Here at Scoliosis SOS, we've been successfully treating scoliosis patients for in excess of 12 years. Our comprehensive ScolioGold treatment programme combines a variety of well-known therapeutic techniques, and the exercises that we teach our patients allow them to manage their symptoms and prevent progression from the comfort of their own home.

One of the fundamental components of the ScolioGold programme is the world-renowned Schroth method, in which our staff our expertly trained. Schroth exercises have helped countless people all over the world to improve their posture and overcome the symptoms of scoliosis (and other spinal conditions). It is named for Katharina Schroth, the German physiotherapist who devised this treatment technique; Schroth was a scoliosis sufferer herself, and having made great progress with her own condition, she eventually opened a clinic.

 

How do Schroth method exercises benefit people with scoliosis?

Our Schroth-based exercises are customised to each patient's unique spinal curvature, as well as their age and physical ability. The Scoliosis SOS Clinic's use of the Schroth method has allowed 88% of our patients to avoid the need for spinal fusion surgery. We also:

  • Use a specific rotational breathing technique to correct spinal rotation and increase the patient's lung capacity

  • Rebalance the patient's spinal position using pelvic corrections and isometric contractions

  • Make patients more aware of their posture on a daily basis, ensuring they have the correct equipment at home and at work to maintain their corrected position

Contact us now to book a consultation >

 

Examples of Schroth method exercises

Here are just a few of the stretches and exercises that make up the Schroth method:

1. Prone on stool

One of the core Schroth exercises performed in a prone position, facing towards the floor. Depending on the patient's classification, condition, previous medical history and symptoms, this exercise has the potential to correct:

  • A thoracic curve using shoulder traction, shoulder counter-traction and the de-rotation breathing technique
  • A lumbar curve via activation of the iliopsoas muscle

With a different setup, it can also be used to help thoracolumbar curves.

Prone on Stool Exercise

This exercise requires quite a few pieces of equipment including tubes, stools, belts, straps, beanbags and wedges. Watch our patient Isobel perform this exercise during a check-up appointment at the Scoliosis SOS Clinic:

 

2. Semi-hanging

This primary Schroth exercise uses gravity to stretch out the spine and relieve pressure on vertebral joints. At the same time, the patient will be applying the rotational breathing technique to flatten the prominent areas of their back, activating their muscles on exhalation to train their body to remember the corrected position when they stop exercising.

Semi-Hanging Schroth Exercise

This is often used as a preparation exercise at the beginning of a treatment session. A set of wall bars (or equivalent) is necessary to perform this exercise effectively.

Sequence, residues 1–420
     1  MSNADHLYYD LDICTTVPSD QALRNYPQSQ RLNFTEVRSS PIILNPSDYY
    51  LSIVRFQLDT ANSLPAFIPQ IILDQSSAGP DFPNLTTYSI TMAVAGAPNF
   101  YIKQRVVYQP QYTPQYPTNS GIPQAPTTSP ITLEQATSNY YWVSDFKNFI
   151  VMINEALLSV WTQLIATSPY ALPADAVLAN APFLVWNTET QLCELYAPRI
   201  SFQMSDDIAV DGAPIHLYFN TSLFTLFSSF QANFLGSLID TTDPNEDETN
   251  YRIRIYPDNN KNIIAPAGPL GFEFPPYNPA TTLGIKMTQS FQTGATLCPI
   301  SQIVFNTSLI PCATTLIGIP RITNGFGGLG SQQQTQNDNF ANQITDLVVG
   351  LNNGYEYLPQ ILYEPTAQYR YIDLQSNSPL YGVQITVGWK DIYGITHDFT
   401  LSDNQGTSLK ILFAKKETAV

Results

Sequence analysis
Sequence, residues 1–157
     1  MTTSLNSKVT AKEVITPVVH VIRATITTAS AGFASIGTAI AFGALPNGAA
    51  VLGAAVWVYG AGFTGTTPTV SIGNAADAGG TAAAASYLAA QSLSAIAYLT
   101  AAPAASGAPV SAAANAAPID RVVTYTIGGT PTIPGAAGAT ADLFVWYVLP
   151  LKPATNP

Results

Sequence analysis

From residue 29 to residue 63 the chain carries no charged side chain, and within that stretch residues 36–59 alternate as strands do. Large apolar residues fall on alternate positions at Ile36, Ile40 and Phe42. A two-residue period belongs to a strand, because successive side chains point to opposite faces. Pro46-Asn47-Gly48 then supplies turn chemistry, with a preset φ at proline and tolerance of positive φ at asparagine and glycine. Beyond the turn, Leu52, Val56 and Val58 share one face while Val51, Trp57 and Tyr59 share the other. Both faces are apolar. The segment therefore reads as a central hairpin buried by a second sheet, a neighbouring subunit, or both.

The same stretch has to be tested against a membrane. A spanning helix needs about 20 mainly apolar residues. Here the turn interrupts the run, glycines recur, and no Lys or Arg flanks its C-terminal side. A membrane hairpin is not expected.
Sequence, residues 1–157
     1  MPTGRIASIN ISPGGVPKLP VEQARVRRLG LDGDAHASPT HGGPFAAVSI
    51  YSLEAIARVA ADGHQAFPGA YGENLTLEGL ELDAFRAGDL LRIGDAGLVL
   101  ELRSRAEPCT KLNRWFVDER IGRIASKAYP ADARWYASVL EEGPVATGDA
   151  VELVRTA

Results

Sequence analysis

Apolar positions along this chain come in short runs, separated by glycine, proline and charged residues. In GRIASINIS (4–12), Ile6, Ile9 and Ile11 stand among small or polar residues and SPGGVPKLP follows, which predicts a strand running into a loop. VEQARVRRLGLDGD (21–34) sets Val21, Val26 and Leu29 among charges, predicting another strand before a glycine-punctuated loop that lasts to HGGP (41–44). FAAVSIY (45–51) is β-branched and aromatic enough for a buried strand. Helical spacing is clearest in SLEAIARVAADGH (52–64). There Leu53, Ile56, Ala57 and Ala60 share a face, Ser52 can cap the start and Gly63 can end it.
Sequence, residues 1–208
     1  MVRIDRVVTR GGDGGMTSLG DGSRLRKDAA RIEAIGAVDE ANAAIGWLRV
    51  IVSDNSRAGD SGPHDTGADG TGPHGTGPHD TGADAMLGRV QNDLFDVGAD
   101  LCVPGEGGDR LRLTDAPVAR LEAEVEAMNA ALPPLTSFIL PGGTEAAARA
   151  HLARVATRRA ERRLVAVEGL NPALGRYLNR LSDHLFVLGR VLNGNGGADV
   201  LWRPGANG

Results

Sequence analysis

Watch our patient Nicole, who travelled from Ghana to the UK for scoliosis treatment, practice this exercise with her therapist:

 

3. Iliopsoas on a ball

This is a very patient-specific Schroth exercise that is only suitable for someone with a lumbar or thoracolumbar curve. It works by utilising the activation of the iliopsoas muscle to help de-rotate the affected portion of the patient's spine. This is one of the simpler Schroth method exercises, requiring only a gym ball and wall bars (or equivalent).

Iliopsoas Ball Exercise

Here at the clinic, patients often receive assistance from the therapists using myofascial release techniques to 'mobilise' the spine and help the patient to achieve a straight posture in standing.

Watch our patient Molly from Suffolk perform this exercise:

The Schroth component of our ScoliGold therapy course places huge emphasis on conscious correction of posture throughout daily life, not just during exercise therapy. Education is paramount: throughout your 4-week course, our therapists will help you to learn about scoliosis and your body to ensure that you can recognise an abnormal posture and correct it accordingly.

Schroth therapy combined with a vast number of other techniques has been scientifically proven to prevent progression, improve posture and cosmetic appearance, reduce pain, improve quality of life, and reduce the patient's Cobb angle by up to 20 degrees.

To enrol on one of our Schroth-based scoliosis treatment courses, contact us online or give us a call on 0207 488 4428.

Pilates is a system of exercises devised by a German physical trainer named Joseph Pilates. It has become incredibly popular in the Western world, with countless Pilates classes available throughout the UK.

But is Pilates beneficial for scoliosis sufferers? It certainly can be - there is evidence that Pilates can help to improve balance and muscle conditioning, and some scoliosis patients also find that Pilates helps to relieve tension, improve posture and increase joint mobility.

This method of exercising is usually very safe, and while it's no substitute for an intensive ScolioGold treatment course, you may find that Pilates goes some way towards helping you cope with your spinal curvature. Today we will be looking at some helpful Pilates techniques for scoliosis sufferers and how you can perform them at home.